In membership disclosure [29], one claims that a patient record x was present in the training set if there is at least one synthetic data sample within a certain distance (for example, in this paper we have considered Hamming distance) to the record x. Otherwise, it is claimed not to be present in the training set. To compute the membership disclosure of a given method m, we select a set of r patient records used to train the generative model and another set of r patient records that were not used for training, referred to as test records. With the possession of these 2r patient records and a synthetic dataset generated by the method m, we compute the claim outcome for each patient record by calculating its Hamming distance to each sample from the synthetic dataset, and then determining if there is a synthetic data sample within a prescribed Hamming distance. For each claim outcome there are four possible scenarios: true positive (attacker correctly claims their targeted record is in the training set), false positive (attacker incorrectly claims their targeted record is in the training set), true negative (attacker correctly claims their targeted record is not in the training set), or false negative (attacker incorrectly claims their targeted record is not in the training set). Finally, we compute the precision and recall of the above claim outcomes. In our experiments, we set r=1000 records and used the entire set of synthetic data available.

Attribute disclosure [29] refers to the risk of an attacker correctly inferring sensitive attributes of a patient record (e.g., results of medical tests, medications, and diagnoses) based on a subset of attributes known to the attacker. For example, in the fully synthetic data case, an attacker can first extract the k nearest neighboring patient records of the synthetic dataset based on the known attributes, and then infer the unknown attributes via a majority voting rule. The chance of unveiling the private information is expected to be low if the synthetic generation method has not memorized the private dataset. The number of known attributes, the size of the synthetic dataset, and the number of k nearest neighbors used by the attacker affect the chance of revealing the unknown attributes. In our experiments we investigate the chance that an attacker can reveal all the unknown attributes, given different numbers of known attributes and several choices of k.

In addition to membership and attribute attacks, the framework of differential privacy has garnered a lot of interest [4042]. The key idea is to protect the information of every individual in the database against an adversary with complete knowledge of the rest of the dataset. This is achieved by ensuring that the synthetic data does not depend too much on the information from any one individual. A significant amount of research has been devoted on designing α-differential or (α,δ)-differential algorithms [43, 44]. An interesting direction of research has been in converting popular machine learning algorithms, such as deep learning algorithms, to differentially private algorithms via techniques such as gradient clipping and noise addition [45, 46]. In this paper, we have not considered differential privacy as a metric. While the algorithms discussed in this paper such as MC-MedGAN or MPoM may be modified to introduce differential privacy, that is beyond the scope of this paper.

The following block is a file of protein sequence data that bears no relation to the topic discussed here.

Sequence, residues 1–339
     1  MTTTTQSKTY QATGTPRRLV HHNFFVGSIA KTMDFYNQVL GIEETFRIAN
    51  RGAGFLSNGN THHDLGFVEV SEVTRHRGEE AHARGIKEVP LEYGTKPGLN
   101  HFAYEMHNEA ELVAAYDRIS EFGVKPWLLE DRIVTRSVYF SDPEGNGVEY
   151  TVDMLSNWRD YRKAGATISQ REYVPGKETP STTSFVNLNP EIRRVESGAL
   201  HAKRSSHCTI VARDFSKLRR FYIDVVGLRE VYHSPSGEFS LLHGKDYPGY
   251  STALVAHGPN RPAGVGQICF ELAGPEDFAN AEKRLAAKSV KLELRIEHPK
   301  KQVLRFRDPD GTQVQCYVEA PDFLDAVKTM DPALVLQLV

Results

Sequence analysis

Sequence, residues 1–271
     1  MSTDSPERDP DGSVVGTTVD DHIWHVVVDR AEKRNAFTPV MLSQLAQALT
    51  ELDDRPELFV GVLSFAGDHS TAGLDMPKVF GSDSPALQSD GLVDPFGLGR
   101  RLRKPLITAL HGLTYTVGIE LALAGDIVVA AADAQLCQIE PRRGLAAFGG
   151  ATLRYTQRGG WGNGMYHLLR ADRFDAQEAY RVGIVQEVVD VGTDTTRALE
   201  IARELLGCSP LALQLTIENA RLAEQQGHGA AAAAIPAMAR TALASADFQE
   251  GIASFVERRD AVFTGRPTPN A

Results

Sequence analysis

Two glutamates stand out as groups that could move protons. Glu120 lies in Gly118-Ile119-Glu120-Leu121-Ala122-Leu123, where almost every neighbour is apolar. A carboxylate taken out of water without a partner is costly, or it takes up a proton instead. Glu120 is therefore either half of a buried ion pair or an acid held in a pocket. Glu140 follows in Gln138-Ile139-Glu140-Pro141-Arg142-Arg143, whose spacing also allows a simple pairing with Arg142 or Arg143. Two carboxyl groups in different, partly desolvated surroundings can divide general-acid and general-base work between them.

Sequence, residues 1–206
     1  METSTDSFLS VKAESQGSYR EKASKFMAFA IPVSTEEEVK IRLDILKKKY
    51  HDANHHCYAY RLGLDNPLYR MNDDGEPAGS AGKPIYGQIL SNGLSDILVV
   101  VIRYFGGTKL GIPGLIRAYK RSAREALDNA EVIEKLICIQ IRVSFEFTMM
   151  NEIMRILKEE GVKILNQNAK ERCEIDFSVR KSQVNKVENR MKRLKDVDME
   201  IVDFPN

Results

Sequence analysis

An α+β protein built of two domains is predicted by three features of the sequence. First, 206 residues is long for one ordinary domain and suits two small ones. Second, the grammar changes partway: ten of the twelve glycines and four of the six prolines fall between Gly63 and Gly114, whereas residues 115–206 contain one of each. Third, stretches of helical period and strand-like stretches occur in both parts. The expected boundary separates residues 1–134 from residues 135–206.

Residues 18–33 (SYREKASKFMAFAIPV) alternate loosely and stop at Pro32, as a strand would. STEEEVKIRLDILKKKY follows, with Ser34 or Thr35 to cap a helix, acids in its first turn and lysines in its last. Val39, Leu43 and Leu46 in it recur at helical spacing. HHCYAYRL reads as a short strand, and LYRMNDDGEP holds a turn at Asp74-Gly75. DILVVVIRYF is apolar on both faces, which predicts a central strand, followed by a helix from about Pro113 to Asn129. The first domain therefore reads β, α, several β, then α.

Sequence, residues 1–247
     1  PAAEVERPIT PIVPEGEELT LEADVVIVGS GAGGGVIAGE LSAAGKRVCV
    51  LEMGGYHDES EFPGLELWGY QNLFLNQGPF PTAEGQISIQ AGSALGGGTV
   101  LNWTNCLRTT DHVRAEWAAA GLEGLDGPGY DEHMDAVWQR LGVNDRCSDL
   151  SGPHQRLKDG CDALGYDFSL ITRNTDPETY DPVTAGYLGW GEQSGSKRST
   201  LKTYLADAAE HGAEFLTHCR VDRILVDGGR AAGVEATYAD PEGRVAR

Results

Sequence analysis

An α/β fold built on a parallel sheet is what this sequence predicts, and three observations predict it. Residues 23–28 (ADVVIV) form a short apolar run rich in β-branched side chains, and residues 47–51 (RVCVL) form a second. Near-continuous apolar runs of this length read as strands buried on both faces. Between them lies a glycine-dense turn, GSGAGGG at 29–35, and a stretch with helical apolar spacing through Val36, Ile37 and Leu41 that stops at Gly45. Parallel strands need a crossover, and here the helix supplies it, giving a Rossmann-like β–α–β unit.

Experimental analysis on SEER’s research dataset

In this section we describe the data used in our experimental analysis. We considered the methods previously discussed, namely Independent Marginals (IM), Bayesian Network (BN), Mixture of Product of Multinomials (MPoM), CLGP, MC-MedGAN, and MICE. Three variants of MICE were considered: MICE with Logistic Regression (LR) as classifier and variables ordered by the number of categories in an ascending manner (MICE-LR), MICE with LR and ordered in a descending manner (MICE-LR-DESC), and MICE with Decision Tree as classifier (MICE-DT) in ascending order. MICE-DT with descending and ascending order produced similar results and only one is reported in this paper for brevity.

Dataset variable selection

A subset of variables from the public research SEER’s datasetFootnote 1 was used in this experiment. The variables were selected after taking into account the characteristics of the variables and their temporal availability, as some variables were more recently introduced as compared to others. Two sets of variables were created: (i) a set of 8 variables with a small number of categories (small-set); and (ii) a larger set with 40 variables (large-set) that includes variables with a large number (hundreds) of categories. We want to see the relative performances of the different synthetic data generation approaches on a relatively easy dataset (small-set) and on a more challenging dataset (large-set).

The SEER’s research dataset is composed of sub-datasets, where each sub-dataset contains diagnosed cases of a specific cancer type collected from 1973 to 2015. For this analysis we considered the sub-datasets from patients diagnosed with breast cancer (BREAST), respiratory cancer (RESPIR), and lymphoma of all sites and leukemia (LYMYLEUK). We used data from cases diagnosed between 2010 and 2015 due to the nonexistence of some of variables prior to this period. The number of patient records in the BREAST, RESPIR, and LYMYLEUK datasets are 169,801; 112,698; and 84,132; respectively. We analyze the performance of the methods on each dataset separately. Table 1 presents the variables selected. A pre-processing step in some cases involves splitting a more complex variable into two variables, as some variables originally contained both categorical and integer (count) values.

Table 1 Two sets of variables from SEER’s research dataset